By Phillip Swann
The TV Answer Man –@tvanswerman

TV Answer Man, we miss our local news team on KOIN TV here in Portland. Do you know how we can still watch them although our station is blacked out on DIRECTV because of the fight with the Nexstar company? – Ronnie, Portland, Oregon.
Ronnie, DIRECTV has been without 159 Nexstar-owned local stations, including your CBS affiliate, KOIN TV in Portland, Oregon, since July 2 because of a fee fight between the satcaster and the broadcaster. When will this dispute end? We don’t know for sure, but the last time the two companies engaged in a carriage battle, it started July 3 and ended August 29, right before the NFL season started. Yes, that might be a clue for when this one will be settled.

As for your question, you can still watch KOIN’s newscasts for free via a TV antenna, assuming you can pick up the station’s signal from your home. The TV antenna can be a great way to watch local channels without paying subscription fees but it’s not perfect. Depending upon factors such as whether you live near high-rise buildings or mountains, there could be an obstacle blocking the signal’s path to your home. But there is another way to watch the station’s newscast even if the channel is blacked out on your TV provider. Nexstar allows its local stations to post their daily newscasts at their web sites two hours after they begin. For example, the KOIN 11 p.m. newscast will be available on the site at 1 a.m. The 6 p.m. newscast would be posted at 8 p.m. and so on.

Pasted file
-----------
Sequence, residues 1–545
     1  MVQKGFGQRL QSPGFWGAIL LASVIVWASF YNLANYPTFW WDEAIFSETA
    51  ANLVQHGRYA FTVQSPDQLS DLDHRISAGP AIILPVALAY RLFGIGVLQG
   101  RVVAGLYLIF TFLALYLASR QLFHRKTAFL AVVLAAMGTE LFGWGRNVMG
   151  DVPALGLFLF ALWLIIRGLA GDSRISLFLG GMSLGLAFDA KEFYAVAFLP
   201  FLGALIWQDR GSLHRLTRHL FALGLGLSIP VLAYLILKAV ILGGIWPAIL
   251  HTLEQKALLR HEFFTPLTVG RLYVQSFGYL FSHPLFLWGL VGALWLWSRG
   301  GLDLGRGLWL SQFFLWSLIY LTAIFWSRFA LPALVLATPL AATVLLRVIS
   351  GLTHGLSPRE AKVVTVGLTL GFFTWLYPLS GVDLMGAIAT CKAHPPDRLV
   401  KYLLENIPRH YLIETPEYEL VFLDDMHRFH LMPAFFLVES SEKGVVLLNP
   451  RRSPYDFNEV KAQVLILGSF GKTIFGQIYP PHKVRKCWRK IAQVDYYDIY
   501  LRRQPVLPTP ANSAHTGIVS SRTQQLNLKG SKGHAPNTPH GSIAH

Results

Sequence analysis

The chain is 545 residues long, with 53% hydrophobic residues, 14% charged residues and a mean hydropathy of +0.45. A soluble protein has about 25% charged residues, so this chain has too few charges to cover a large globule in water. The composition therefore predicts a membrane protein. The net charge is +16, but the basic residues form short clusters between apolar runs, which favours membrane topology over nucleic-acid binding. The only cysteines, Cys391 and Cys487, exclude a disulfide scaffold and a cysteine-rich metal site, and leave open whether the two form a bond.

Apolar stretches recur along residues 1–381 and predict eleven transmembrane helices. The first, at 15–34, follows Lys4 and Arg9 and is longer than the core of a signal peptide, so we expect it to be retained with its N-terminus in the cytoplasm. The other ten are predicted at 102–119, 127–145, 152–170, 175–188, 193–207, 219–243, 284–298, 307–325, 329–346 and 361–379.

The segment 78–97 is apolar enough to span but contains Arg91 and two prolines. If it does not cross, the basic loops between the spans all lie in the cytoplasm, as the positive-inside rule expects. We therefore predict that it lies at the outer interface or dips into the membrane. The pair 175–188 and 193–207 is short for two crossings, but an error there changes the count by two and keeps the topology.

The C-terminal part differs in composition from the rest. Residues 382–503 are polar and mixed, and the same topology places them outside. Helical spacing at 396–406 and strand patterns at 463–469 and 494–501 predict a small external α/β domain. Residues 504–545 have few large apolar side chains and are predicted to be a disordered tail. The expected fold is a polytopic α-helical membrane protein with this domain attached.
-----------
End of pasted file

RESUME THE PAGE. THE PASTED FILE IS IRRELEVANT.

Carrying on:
That’s obviously not as convenient as watching it live, which Nexstar used to permit. But the broadcaster, which arguably is involved in more carriage disputes than any other broadcaster, changed the live policy to a two-hour delay last January. That gives them more leverage in negotiations because a pay TV provider’s subscribers cannot watch the news live.

A note from KOIN’s digital director: In order to fulfill our obligations to our cable, satellite, and telco partners, on January 12, KOIN will begin making its newscasts and locally-produced lifestyle programming available on two hours after their live broadcast over-the-air. We will also continue to make highlights of our newscasts available to you through video clips and other coverage after the live broadcast,” KOIN says at its web site.

I have noticed that it can be difficult to find the delayed newscasts at the sites of the Nexstar-owned local stations so you might want to download their apps as well. (On the web site, look for a ‘Watch’ button at the top.)

Ronnie, hope that helps. Happy viewing and stay safe!

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— Phillip Swann